The retrogressive behaviour of the region’s states comes with important implications for the Horn of Africa, which is entering a new phase of political economy after several decades of communal conflict, unencumbered market economy, and donor-supported democratisation. The expanded scope for global capital under this arrangement represents the latest challenge for the region’s pastoralists’ fight to own their future.
Explorers and military map makers’ accounts dominated the first phase of modernity in the north. Their descriptions of the region as Africa’s last remaining Garden of Eden dovetail with the Lake Turkana version of the Eve hypothesis. The environs where our earliest ancestors frolicked entered the twentieth century as a rangeland ghetto sustaining decades of socioeconomic malaise.
The capital-intensive schemes favoured by the government’s economic planners are not the ticket for Land of Jilali development.
The second, developmental phase of modernity was driven by Western science. Researchers amassed a large body of useful information, including the baseline data sets underpinning remote sensing and survey methodologies that now support the monthly reports on the frontier counties’ vegetation and human food security. Jilali is now a data-defined phenomenon. But they also failed to identify the critical dynamics operating on the human-environmental interface.
The new school of range ecology eventually rectified the biased assumptions responsible for the procession of failed drylands policy experiments. Recognition of the inherent uncertainty of such non-equilibrium environments went a long way towards rehabilitating the pastoralist’s opportunistic utilisation of ephemeral resources availed by the unpredictable climate. Strategies combining maximisation with resilience are common to the diverse plant, animal, and human populations who colonised the Horn of Africa’s arid and semi-arid lands.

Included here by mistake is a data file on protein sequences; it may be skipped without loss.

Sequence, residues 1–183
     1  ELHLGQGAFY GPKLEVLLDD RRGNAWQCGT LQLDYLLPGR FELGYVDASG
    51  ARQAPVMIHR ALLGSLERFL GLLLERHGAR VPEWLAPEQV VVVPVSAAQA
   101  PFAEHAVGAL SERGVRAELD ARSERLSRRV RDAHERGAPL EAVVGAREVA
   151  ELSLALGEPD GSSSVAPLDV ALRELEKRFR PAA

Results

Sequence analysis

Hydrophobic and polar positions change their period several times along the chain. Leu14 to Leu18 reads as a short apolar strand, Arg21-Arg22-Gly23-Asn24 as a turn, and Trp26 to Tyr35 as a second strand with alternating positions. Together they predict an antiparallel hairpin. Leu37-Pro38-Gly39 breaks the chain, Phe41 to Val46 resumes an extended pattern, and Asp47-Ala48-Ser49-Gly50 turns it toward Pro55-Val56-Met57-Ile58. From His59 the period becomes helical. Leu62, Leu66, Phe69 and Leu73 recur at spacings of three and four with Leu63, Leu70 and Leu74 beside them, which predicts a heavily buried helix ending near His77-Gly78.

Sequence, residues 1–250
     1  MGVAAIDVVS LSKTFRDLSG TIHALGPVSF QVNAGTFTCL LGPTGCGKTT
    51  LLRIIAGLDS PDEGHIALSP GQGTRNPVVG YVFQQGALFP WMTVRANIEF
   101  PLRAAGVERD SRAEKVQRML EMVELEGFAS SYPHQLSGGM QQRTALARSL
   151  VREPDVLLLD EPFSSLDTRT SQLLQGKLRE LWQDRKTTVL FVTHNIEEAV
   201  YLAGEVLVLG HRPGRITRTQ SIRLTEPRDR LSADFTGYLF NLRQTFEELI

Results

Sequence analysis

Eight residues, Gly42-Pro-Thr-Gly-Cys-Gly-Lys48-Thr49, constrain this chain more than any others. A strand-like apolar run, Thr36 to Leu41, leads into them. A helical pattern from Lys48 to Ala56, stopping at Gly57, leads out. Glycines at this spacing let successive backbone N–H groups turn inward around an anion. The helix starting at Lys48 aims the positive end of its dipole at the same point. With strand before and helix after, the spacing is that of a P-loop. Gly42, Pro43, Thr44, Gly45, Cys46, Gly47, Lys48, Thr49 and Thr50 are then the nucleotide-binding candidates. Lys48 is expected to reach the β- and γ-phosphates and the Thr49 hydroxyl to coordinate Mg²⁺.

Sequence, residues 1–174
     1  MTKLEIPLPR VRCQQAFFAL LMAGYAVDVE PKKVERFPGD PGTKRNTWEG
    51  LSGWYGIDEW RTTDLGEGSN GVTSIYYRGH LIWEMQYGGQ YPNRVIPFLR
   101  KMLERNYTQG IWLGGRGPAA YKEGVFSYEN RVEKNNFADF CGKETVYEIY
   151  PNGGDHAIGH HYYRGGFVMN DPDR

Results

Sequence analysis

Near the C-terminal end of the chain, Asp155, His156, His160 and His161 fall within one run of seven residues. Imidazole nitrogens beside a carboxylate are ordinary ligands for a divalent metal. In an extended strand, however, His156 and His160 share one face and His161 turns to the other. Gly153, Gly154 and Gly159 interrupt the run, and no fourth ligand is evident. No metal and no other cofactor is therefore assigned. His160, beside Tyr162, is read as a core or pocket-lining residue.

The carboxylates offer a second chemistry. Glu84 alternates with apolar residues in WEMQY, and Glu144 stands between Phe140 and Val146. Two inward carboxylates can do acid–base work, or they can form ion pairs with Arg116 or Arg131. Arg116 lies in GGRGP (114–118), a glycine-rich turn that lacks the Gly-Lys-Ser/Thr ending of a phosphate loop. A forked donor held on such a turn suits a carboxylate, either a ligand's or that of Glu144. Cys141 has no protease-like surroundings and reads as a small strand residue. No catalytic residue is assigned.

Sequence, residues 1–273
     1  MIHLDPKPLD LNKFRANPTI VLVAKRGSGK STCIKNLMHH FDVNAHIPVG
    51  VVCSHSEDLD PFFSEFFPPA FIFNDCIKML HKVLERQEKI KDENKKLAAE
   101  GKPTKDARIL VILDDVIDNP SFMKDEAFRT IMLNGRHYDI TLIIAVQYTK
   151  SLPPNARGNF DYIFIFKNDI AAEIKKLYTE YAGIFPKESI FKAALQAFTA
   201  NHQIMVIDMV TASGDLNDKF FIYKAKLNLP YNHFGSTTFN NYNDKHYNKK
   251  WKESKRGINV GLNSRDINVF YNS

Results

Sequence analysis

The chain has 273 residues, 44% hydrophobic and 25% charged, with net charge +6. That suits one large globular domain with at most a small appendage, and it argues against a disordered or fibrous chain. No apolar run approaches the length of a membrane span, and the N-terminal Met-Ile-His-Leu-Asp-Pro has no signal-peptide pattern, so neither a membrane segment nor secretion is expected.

This occurred under wetter conditions, when Mauretania still had swamps and giraffes roamed lower Egypt. Then they spent the last 800 years adapting to the increasingly drier environment.
Climate is the great driver of life on earth. Generations of environmental stability culminated in the European expansion. The societal operating system it imposed on the world has run its course, relegating a large portion of humanity to a precarious existence on a non-equilibrium planet. Humanity needs a new civilisational operating system.